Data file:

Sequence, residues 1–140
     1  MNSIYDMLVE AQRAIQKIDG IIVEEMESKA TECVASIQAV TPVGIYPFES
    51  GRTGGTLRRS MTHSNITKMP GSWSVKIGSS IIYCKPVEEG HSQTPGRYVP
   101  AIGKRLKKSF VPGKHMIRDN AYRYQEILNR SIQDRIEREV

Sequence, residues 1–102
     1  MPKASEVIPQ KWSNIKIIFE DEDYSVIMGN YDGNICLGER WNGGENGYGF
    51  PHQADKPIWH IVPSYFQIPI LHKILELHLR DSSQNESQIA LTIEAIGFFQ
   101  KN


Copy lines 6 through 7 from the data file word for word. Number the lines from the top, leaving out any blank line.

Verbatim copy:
     1  MPKASEVIPQ KWSNIKIIFE DEDYSVIMGN YDGNICLGER WNGGENGYGF
    51  PHQADKPIWH IVPSYFQIPI LHKILELHLR DSSQNESQIA LTIEAIGFFQ